These deep-seated feelings of one race being superior to another have fostered and encouraged the problems that we have today. Economic concerns were key as well. King Cotton and other staples led many, firebrands to believe, in the 1850’s, that the only way for slavery to continue and thereby maintain the aristocracy that surrounded the culture of slavery, was to expand slavery into the Territories, and into Mexico and Cuba. 

Another important historical fact is that people who live in the country need to be by necessity more self-reliant and thereby, believe that they have less of a need for government. They were suspicious of government intrusiveness and worried that a national government threatened their way of life. 

The post Civil War period witnessed a horrific time when Reconstruction and Carpetbaggers increased the dislike of Southerners for people from the North.

20th Century America has seen a further erosion of faith in the federal government as the Supreme Court exerted it’s influence not only with Brown versus the Board of Education but with the school prayer issue in particular.

In Southern culture,Christianity has had a major influence, This is understandable in an agrarian society where success is often subject to the impact of the weather. It is a tough life, and God is seen as having a large influence in their daily lives. Prayer was heard everywhere from local football games to the locker room, from Church on Sunday to the local rotary club. Prayer was heard in many public settings. The argument that prayer was wrong lent itself to a further sense that the South’s way of life was being changed by outsiders with a total disregard for their feelings and rights.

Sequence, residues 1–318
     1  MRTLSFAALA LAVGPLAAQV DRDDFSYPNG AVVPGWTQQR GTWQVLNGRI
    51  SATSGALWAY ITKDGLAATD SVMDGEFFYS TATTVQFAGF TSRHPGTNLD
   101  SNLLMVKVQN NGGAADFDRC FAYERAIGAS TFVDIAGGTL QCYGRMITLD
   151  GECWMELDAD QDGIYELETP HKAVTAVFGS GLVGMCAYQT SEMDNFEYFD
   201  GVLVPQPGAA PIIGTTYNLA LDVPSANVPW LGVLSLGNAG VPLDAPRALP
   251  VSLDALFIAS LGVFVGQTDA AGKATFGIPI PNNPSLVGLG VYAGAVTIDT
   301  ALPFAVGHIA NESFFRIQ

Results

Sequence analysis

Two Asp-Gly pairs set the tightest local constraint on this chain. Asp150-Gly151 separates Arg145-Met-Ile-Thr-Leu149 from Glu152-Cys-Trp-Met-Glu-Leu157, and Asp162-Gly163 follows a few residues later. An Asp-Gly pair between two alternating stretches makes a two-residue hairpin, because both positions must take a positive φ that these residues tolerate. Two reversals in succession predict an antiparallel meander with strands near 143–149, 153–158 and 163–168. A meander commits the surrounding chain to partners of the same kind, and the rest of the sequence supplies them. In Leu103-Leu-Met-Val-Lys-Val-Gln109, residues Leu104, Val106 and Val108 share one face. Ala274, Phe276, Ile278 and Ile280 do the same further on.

Roe v. Wade further alienated the South from their government. Abortion became a hot topic and Southerners found in the Republican Party a home where they could vent their anger and frustrations about a government that they saw as intrusive into their way of life. All of these factors have contributed to the alienation that the South feels towards their federal government. 

It would be helpful if those who do not live in the South attempt to put themselves in their shoes and at least try to understand where the older culture of the South is coming from. It would be wise to seek a greater understanding of their feelings and concerns so that we can find common ground.

What does the future hold for the South? It is my opinion that we are witnessing the last hurrah of old white man’s power. The growth of cities has come about in several key southern states. The Demographics are changing.

We can see the changes in states like Virginia, the father of Presidents, as the last two presidential election cycles have gone to the Democratic candidate. Northern Virginia has grown in population and influence as newcomers have flooded in from their jobs in Washington to live in Northern Virginia.

North Carolina is now the 10th largest state in the union in population. Education, technology and the banking industry is changing the face of North Carolina politics.

Georgia has seen dramatic demographic changes in the last ten years. The percentage of white voters has declined. Latino newcomers and the increasing numbers of Asians and African-Americans living in Georgia indicate that voting patterns are going to change soon.